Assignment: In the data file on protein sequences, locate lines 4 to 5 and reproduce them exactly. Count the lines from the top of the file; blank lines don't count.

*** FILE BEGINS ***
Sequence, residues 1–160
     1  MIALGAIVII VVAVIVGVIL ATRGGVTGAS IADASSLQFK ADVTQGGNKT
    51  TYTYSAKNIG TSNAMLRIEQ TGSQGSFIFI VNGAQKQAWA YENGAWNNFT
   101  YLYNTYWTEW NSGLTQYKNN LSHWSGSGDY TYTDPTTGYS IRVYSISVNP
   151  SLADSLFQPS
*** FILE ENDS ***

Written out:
   101  YLYNTYWTEW NSGLTQYKNN LSHWSGSGDY TYTDPTTGYS IRVYSISVNP
   151  SLADSLFQPS